Attending conventions and conferences centered around events enjoyed by participants can be extremely rewarding experiences. In theatre, this conference is The Iowa Thespian Festival, a forty-eight-hour-long festival that goes above and beyond the standard conference. Students from all across Iowa can attend various plays, musical theatre acts, auditions and workshops. The workshops involve real-world experiences from people who work in theatre every day. Aside from acting, they offer technical events and provide students the chance to showcase things like costume designs, stage management portfolios or scenic design. There are also various opportunities to audition for college and thespian scholarships for communicative arts majors.
The festival is hosted at the University of Northern Iowa. A number of different high schools, including Waukee, put on performances both small and large for over 1,000 students and directors that come every year. This year 54 Waukee students attended, making Waukee the second largest group to attend. Although not every student competed in the individual performances, they still got to attend various performances from other schools and attend workshops about all aspects of theatre. The main stage productions this year were “Defying Gravity”, “Carrie the Musical” and “Eurydice”, which were all put on by other schools from around the state. Waukee has not put on a main stage production at the festival. Waukee Theatre Arts teacher Mr. Jorgensen states, “We haven’t reached that level just yet, but we’ll see what the future holds.”
Jorgensen explained the festival and its importance in his own words. He stated, “The Iowa Festival is all about bringing together Iowa high schools to perform, compete, and celebrate theatre over the course of two days.” Specifically, schools can have different students compete in individual competitions with a range of pieces, like a monologue, duo or group acting and solo, group or duo musical theatre. Hours of practice are put into each individual performance, whether they are performing solo or with others. “The interesting thing about Thespian Festival,” Jorgensen expressed, “is that there’s so little involvement on my end or any faculty end, that if the students have the idea for a piece, they put it together.”
Two Waukee students, Reece Harmsen and Kyah Sneed, finished first in Duo Musical Theatre and had the chance to perform on the main stage at the festival after this placement. The two performed “Freedom” from “The Unauthorized Autobiography of Samantha Brown”. When asked about how performing on the main stage was, they both agreed it was a nerve-wracking yet exhilarating experience. “It felt amazing. It’s our senior year, and I felt blessed…to get to sing on the big stage with my best friend,” Sneed stated. “We were scared because that’s like 3,000 people, but we pushed through and performed a song that’s about driving in the car with your best friend, something we do very often on our road trips together. We really connected with the song and it made it ten times better.”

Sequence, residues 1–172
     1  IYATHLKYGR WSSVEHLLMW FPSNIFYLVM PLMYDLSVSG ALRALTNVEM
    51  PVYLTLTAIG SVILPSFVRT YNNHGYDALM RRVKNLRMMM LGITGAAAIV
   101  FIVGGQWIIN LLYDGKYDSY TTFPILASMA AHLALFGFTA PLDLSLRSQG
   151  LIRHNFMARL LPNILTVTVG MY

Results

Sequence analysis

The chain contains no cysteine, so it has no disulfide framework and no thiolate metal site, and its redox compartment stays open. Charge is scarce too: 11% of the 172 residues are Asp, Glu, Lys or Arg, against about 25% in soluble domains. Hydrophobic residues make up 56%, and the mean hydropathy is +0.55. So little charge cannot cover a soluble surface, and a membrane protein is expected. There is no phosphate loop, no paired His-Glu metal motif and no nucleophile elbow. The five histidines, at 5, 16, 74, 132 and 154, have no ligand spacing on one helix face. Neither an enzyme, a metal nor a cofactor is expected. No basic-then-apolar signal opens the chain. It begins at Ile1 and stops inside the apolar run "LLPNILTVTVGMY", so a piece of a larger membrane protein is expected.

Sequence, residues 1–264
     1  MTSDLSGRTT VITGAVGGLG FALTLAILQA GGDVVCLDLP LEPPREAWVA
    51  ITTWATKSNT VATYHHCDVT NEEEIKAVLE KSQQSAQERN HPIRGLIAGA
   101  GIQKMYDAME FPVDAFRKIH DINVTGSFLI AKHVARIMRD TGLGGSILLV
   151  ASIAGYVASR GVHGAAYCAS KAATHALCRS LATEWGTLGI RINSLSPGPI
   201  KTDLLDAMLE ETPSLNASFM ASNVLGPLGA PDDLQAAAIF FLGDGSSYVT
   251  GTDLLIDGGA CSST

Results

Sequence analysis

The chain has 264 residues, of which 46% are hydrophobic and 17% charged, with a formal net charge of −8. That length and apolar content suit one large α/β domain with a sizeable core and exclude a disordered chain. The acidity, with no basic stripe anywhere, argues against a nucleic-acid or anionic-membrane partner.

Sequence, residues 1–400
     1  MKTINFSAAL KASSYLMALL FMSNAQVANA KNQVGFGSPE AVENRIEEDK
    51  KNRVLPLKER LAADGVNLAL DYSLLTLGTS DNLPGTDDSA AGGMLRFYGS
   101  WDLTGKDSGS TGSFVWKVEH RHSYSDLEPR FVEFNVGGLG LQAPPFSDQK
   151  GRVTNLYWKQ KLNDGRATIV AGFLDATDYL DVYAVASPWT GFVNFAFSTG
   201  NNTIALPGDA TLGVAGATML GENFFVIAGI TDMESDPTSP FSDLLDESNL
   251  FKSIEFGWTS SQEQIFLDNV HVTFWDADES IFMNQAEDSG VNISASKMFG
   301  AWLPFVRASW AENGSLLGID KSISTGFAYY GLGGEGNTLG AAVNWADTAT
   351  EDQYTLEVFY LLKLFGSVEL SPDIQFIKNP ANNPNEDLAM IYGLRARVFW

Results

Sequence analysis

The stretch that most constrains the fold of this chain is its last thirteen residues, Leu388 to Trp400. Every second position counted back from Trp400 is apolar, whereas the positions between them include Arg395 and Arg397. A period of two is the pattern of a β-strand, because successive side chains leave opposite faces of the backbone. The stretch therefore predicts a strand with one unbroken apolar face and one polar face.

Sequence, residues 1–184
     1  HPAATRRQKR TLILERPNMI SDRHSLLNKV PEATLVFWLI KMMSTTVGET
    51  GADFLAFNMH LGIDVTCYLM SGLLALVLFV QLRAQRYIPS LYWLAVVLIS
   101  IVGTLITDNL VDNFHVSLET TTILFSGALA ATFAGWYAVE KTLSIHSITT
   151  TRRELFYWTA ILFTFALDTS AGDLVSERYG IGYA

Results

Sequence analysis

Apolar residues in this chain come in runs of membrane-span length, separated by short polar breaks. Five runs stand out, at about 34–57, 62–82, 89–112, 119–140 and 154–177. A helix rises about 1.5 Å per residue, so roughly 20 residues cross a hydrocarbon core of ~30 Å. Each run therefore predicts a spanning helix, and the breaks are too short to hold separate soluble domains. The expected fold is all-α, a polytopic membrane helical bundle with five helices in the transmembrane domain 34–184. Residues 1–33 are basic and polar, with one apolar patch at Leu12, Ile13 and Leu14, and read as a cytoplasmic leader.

“Wow, it was amazing!” Harmsen expressed. “We were so happy we could finally show everyone what we’ve been working on early morning in the practice rooms and after school too. It was surreal and we felt so lucky.” The moment that the pair won first place was rewarding, who had been working for so long on their performance. “I felt like all the hard work and the nerves and the tears were worth it,” Sneed emphasized. “We had worked on it for months and had been really hard on ourselves trying to make it perfect. All of the ‘Are we really good enoughs’ and ‘could we really win?’ questions were washed away.”
The weekend undoubtedly leaves a student with many thoughts and new experiences gained. After Waukee’s numerous wins in several different categories, it is a weekend well-spent for those who love, enjoy and thrive in the theatre element. When asked about his favorite part of the festival from a teacher and director’s standpoint, Jorgensen replied “Hands down, getting to spend time with students and see them learn and grow and delight in and share this common experience.” “One of the greatest things is just listening to them talk about everything that they got to experience over the weekend and their excitement. You can hear it in their voices.” These experiences that come from The Iowa Thespian Festival only strengthen the department and develops precious, long-lasting memories for students and directors alike.